Sua s'dei! Welcome to Phnom Penh, Cambodia. You'll be met on arrival at Phnom Penh airport and transferred to your hotel. Your adventure begins with a welcome meeting at 6pm tonight - check with hotel reception for more information and have your insurance details and next of kin information ready for collection. If you have free time in the afternoon, perhaps stroll the streets of Phnom Penh and explore the city, taking in the interesting French colonial architecture. The National Museum, with its collection of classic Khmer craftsmanship, is well worth a visit. Dinner tonight will be at the restaurant run by the Friends organisation, a group which offers food, shelter, medical care, training and educational facilities for homeless, vulnerable or abandoned children. It's a great restaurant to support and the food is delicious – the Western and Asian fusion tapas dishes has put this restaurant on the must visit list.
Notes: Please provide us with your flight arrival details at least 14 days prior to departure in order to arrange the transfer. If you can't arrange a flight that will arrive in time, you may wish to arrive a day early so you're able to attend. We'll be happy to book additional accommodation for you (subject to availability). If you plan to arrive earlier, the arrival transfer can only be offered in conjunction with pre-tour accommodation booked through Intrepid.
Today a full city tour introduces you to the sights of Phnom Penh, a city that lies near the confluence of the Mekong and Tonle Sap rivers. The private quarters of the Royal Palace are home to King Sihamoni and are closed to the public. You will, however, be able to visit the Silver Pagoda that lies in the palace complex, which is the most sacred temple in the country. Phnom Penh remains a living relic of the country’s past struggles and successes. Your included visits to the Tuol Sleng Prison Museum and the Killing Fields of Choeung Ek tell the story of the tragic legacy of the Khmer Rouge. Tuol Sleng is a former school that served as a Khmer Rouge torture centre, and it’s estimated that more than 20,000 people were held and tortured here. The Choeung Ek Memorial is home to stupa made up of some 8,000 human skulls, marking the site of the infamous Killing Fields. This was the execution ground for the torture victims of Tuol Sleng, and standing in this peaceful setting it's almost unthinkable to imagine that to date nearly 9,000 corpses have been exhumed from the area. There is an optional visit to Wat Phnom, the temple that gave rise to the foundation of the city in the 15th century. An ideal way to spend your second evening here is to relax in a cafe by the riverfront.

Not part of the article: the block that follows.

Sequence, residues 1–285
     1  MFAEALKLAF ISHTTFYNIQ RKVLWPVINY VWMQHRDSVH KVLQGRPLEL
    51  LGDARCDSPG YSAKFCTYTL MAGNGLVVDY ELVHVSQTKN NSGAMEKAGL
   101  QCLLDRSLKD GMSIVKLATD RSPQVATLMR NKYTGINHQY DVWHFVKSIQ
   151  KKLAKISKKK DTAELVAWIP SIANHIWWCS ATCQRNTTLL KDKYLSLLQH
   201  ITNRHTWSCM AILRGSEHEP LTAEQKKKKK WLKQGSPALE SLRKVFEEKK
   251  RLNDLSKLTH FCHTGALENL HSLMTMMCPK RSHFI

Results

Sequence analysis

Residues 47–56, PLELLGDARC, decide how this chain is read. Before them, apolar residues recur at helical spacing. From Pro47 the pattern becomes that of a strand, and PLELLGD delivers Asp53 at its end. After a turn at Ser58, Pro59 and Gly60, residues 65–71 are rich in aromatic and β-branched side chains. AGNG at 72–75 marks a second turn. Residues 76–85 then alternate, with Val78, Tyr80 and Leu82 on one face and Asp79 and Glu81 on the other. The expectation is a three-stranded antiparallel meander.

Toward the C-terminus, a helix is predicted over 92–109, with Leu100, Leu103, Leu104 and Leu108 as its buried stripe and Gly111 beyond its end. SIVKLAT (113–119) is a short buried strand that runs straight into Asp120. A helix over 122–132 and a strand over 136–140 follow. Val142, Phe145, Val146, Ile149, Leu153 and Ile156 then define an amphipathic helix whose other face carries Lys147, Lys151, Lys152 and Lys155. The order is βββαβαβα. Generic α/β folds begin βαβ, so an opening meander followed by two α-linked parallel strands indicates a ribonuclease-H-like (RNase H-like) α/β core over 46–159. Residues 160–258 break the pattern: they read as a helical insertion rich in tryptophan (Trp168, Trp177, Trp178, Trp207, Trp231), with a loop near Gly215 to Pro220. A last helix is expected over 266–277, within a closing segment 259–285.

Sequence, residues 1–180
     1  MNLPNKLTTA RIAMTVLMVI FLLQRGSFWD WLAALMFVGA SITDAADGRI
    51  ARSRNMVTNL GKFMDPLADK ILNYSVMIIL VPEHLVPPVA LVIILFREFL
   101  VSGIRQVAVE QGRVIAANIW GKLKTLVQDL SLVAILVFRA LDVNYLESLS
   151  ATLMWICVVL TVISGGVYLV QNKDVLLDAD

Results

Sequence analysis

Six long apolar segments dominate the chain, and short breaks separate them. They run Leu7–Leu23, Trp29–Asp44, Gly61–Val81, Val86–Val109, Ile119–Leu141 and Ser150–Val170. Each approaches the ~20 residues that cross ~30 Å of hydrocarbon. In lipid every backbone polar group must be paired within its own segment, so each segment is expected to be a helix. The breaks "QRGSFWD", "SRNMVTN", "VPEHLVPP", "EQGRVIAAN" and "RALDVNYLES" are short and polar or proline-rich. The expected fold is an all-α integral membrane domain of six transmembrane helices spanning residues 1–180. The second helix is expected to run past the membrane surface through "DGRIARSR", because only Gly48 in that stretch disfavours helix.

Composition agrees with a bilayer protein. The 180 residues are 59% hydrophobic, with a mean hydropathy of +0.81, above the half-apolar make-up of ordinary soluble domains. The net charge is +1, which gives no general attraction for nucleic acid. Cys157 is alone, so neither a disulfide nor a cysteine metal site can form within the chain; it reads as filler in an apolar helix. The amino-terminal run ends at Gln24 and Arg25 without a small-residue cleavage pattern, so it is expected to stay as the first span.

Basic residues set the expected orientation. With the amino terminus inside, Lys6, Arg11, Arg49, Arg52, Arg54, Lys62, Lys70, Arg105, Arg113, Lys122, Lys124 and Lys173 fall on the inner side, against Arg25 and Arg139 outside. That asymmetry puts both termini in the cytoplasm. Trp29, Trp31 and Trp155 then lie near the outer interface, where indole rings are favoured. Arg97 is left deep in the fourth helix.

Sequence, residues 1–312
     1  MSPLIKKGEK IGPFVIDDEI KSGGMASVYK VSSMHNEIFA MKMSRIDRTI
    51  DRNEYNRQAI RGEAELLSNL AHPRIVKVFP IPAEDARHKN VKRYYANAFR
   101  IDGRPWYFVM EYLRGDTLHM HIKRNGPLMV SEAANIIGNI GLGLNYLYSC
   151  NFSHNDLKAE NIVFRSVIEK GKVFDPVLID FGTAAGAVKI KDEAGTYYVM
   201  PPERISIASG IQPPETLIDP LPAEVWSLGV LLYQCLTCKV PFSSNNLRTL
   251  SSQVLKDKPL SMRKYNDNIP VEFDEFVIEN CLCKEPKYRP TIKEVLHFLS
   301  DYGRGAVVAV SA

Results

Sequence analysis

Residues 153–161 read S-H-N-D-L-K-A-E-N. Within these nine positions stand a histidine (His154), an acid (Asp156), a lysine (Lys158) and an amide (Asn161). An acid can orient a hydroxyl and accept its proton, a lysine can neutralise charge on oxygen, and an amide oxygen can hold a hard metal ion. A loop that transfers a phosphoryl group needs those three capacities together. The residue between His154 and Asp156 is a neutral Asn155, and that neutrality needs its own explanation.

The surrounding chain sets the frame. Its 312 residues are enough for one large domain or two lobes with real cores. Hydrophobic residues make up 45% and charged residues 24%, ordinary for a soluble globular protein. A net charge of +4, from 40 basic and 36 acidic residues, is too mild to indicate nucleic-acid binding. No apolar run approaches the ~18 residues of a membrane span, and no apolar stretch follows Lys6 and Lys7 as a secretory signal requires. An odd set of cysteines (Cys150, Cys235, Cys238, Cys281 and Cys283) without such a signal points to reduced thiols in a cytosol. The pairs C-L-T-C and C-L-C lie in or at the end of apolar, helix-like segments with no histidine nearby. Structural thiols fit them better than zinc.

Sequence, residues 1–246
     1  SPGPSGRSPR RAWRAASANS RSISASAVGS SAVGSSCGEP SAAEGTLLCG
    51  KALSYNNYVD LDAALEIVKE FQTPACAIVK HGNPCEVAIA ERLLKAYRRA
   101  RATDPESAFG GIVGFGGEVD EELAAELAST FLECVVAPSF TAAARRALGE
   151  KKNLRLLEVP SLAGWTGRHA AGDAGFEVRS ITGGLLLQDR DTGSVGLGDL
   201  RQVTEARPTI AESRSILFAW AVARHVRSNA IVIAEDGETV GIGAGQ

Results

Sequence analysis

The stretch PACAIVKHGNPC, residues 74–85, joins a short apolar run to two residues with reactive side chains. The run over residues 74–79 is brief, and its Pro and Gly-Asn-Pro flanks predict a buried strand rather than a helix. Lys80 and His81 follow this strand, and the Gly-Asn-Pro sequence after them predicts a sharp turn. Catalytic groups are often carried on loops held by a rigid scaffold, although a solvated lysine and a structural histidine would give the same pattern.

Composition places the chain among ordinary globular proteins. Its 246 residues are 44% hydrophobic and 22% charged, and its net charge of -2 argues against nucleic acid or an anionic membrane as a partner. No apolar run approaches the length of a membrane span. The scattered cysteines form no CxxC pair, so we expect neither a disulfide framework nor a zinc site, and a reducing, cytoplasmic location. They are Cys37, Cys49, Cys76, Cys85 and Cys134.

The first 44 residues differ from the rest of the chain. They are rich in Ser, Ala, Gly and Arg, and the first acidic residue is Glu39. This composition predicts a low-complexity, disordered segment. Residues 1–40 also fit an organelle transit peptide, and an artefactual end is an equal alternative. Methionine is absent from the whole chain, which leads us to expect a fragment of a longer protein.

Notes: The Tuol Sleng Prison Museum and Killing Fields of Choeung Ek are major parts of the experience here, but if you don't wish to visit them, please inform your tour leader.